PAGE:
Opponents of confined animal operations back proposed ordinance

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FULTON - An ordinance proposed in Callaway County could complicate potential confined animal feeding operation (CAFO) construction. It could make it difficult to construct any CAFO in western Callaway County.

Western County Commissioner Roger Fischer drafted the ordinance in late March, which would place mandatory minimum distances between a new CAFO and existing CAFOs, private dwellings and populated areas.

Fischer said the ordinance is meant to help mitigate the spread of diseases that could be fostered among animals in the CAFO.

He said the more distance the better between humans and animals that are in confinement.

"It does reduce the likelihood that a human would contract it: a disease or virus from the CAFO," Fischer said.

Callaway County is ripe for CAFO construction.

Fischer's proposed ordinance says, "It is easy to apply for operating permits in our exceptionally well-located county, with access to workers from both Columbia and Jefferson City. As these operations become larger and larger, it is important to protect the farmers and residents of Callaway County from ill effects of such operations."

Tom Brunette has lived in western Callaway since 2006. He worries that if CAFO operations pop up around his home, the sale value of the land he lives on will plummet. 

He knows of a house with a lake that's been on the market three or four years despite a drop in price.

"They can't move it because it's so close to the CAFO, because of the smell. So, is that right? I don't think so," Brunette said.

Brunette is part of Friends of Responsible Agriculture, a group of people who live in the area and are fighting new CAFO construction. The group has been supportive of Fischer's ordinance. 

Fischer said he worries the construction of a milk plant in northeast Columbia could spur CAFO construction in western Callaway. 

"It's gonna be a rather large facility and they're gonna rely on a lot of livestock to supply milk to that dairy facility," Fischer said.

KOMU 8 News reached out to Aurora Organic Dairy, the company that is set to operate the dairy facility in northeast Columbia. 

The company said in an email, "We source between 75-80 percent of the milk we process from company-owned farms. To fill in our supply for the Columbia facility, we may work with local or regional organic dairy farmers. If there isn't enough supply to meet our needs nearby, we will identify possible producers in surrounding states. So, we wouldn't expect this ordinance to impact our facility in Columbia."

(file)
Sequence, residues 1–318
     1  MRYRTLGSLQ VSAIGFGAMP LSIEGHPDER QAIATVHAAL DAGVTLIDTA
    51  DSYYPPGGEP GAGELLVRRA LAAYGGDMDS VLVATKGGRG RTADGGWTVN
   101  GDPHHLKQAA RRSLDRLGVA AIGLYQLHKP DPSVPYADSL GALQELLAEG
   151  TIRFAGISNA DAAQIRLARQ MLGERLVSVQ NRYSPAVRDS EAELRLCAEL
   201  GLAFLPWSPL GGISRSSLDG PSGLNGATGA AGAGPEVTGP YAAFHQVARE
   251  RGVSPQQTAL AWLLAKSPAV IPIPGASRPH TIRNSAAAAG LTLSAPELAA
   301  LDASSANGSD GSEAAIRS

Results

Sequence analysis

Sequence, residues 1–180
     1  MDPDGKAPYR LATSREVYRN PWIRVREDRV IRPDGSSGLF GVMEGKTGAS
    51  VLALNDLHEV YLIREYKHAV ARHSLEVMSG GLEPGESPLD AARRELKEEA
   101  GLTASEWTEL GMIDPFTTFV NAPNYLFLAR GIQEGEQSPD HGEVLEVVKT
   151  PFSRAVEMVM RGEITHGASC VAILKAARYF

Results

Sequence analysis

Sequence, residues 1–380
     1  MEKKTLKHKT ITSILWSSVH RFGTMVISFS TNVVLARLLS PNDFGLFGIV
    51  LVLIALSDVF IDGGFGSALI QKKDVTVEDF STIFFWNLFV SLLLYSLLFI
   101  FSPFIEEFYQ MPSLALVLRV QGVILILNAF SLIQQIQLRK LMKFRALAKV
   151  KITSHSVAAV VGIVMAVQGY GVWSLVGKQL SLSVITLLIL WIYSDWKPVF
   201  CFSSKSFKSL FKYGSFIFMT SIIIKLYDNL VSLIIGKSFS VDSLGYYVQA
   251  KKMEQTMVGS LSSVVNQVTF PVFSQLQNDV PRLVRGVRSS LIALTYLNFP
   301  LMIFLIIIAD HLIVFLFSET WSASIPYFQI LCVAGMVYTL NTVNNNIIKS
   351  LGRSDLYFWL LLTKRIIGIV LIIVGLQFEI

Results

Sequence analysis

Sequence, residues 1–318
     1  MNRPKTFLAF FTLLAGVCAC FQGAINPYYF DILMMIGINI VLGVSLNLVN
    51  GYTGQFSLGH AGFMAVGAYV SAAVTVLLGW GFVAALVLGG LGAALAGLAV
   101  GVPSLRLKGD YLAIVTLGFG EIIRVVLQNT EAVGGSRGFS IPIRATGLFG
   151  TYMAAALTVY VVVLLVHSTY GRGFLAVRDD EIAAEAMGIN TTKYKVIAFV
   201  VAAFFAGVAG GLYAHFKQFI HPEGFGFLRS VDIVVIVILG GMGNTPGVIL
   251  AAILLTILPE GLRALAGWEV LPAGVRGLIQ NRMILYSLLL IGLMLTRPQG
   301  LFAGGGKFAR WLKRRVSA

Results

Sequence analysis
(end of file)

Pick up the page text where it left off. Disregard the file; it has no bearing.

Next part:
"One CAFO is like a spoke on a wheel," Brunette said. "If you have one CAFO, there's other CAFOs that have to be built around that CAFO to be able to support it. So you're not looking at just one CAFO coming in, you're looking at many."

When asked if his proposed ordinance would make it difficult to build a CAFO in western Callaway County, Fischer said only that the area is densely populated and loses about a third of its acreage to the Mark Twain National Forest. 

"The only comment that I've basically gotten from people is they don't understand why it's only western county instead of the entire county," Brunette said.

Fischer said western Callaway County is home to half of the county's population, so building CAFOs in that area could pose a greater health risk than more sparsely populated areas.

Ultimately, though, Fischer said he worries CAFOs could saturate Callaway County.

"There is no reason to believe that Callaway County would not be an optimum place to do that," Fischer said. "We have an opportunity for people to come into Callaway County and set up a big dairy CAFO to feed this new mega plant in Boone County, he said.

Fischer said he worries that the milk plant is coming from out of state.

"They didn't go to school with me, they didn't send their kids to go to school where my kids went, they didn't go to church with me. I don't know 'em. And they are gonna come here, they will set up these CAFOs, and they, as much as they want to be community partners, they're probably not gonna be the best neighbors."

Fischer said his goal is to protect Callaway County and maintain it as a family-friendly county. 

 

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